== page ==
Miguel has written two books, Africa’s Turn? (MIT Press 2009), and, with Ray Fisman, Economic Gangsters: Corruption, Violence and the Poverty of Nations(Princeton University Press 2008). Economic Gangsters has been translated into ten languages, and the New York Times’ Nicholas Kristof praises it as “smart and eminently readable”. Miguel’s other writing has appeared in Foreign Affairs, Forbes, and the New York Times.

Leonard Wantchekon, Princeton University & African School of Economics

Wantchekon is Professor in the Politics department and Woodrow Wilson School, and associated faculty in the Economics department at Princeton University. His research is broadly focused on political and economic development, particularly in Africa. His specific interests include the political economy of infrastructure provision, education and human capital externalities, democratization, clientelism and redistributive politics, the resource curse, and the long-term social impact of historical events. He is the author of numerous publications in leading academic journals such as American Economic Review, the Quarterly Journal pf Economics, the American Political Science Review, American Economic Journal: Applied Economics, the journal of Law, Economics and Organization and, World Politics. He is a member of the American Academy of Arts and Sciences and the founder the African School of Economics (ASE), which opened in Benin in September 2014.


Jenny C. Aker, Tufts University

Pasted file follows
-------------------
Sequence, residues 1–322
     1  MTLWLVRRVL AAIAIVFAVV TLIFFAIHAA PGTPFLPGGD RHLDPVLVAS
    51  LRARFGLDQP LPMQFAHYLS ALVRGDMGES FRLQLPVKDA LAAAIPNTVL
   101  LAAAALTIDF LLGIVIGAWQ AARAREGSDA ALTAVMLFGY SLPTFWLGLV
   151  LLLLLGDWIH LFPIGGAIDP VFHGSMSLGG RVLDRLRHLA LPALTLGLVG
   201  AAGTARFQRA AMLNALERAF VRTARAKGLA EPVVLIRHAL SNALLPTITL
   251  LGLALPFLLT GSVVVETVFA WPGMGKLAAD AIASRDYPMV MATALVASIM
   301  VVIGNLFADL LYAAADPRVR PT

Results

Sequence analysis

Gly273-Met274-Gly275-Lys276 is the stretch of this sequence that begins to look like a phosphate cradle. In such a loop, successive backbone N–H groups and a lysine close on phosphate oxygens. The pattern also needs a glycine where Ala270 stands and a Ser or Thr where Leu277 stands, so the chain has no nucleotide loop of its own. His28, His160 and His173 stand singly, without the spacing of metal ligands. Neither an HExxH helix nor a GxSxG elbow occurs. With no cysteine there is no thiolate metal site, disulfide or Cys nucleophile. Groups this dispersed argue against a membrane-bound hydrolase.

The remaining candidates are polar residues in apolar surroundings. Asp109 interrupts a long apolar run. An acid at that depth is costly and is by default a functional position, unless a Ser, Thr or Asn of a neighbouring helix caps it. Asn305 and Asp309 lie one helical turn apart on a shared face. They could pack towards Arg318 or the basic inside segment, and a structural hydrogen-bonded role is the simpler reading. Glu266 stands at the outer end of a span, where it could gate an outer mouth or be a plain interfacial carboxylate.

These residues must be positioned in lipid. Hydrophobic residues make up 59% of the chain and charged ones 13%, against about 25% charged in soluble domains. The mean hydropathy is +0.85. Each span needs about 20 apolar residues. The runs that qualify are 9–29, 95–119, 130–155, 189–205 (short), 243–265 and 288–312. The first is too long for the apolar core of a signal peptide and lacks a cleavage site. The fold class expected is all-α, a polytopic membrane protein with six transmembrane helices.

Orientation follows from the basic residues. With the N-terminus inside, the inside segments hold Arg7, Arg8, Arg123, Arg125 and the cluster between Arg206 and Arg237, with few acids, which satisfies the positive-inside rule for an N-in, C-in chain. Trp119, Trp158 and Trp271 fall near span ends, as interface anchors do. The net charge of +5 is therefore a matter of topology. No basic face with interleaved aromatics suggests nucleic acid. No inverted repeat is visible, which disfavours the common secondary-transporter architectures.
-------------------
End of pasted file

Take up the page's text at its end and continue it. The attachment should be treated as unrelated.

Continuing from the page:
Jenny C. Aker is an Associate Professor of Development Economics at the Fletcher School and Department of Economics at Tufts University. She is also a Non-Resident Fellow at the Center for Global Development , a member of the Advisory Board for CDA, Frontline SMS and the Boston Network for International Development (BNID) . She also serves as the Deputy Director of the Hitachi Center for Technology and International Affairs and is the Interim Director for the Center for International Environment and Resource Policy (CIERP). After working for Catholic Relief Services as Deputy Regional Director in West and Central Africa between 1998 and 2003, Jenny completed her PhD in agricultural economics at the University of California-Berkeley. Jenny works on economic development in Africa, with a primary focus on the impact of information (and information technology) on development outcomes, particularly in the areas of agriculture, agricultural markets, adult education and financial inclusion; the determinants and impacts of agricultural technology adoption; and the impact of different mechanisms and modalities of social protection (cash and in-kind transfers). Jenny has conducted field work in Benin, Burkina Faso, Burundi, Chad, DRC, The Gambia, Ghana, Guinea, Kenya, Liberia, Mali, Mozambique, Niger, Nigeria, Rwanda, Senegal, Sierra Leone, South Sudan and Tanzania, as well as Haiti and Guatemala.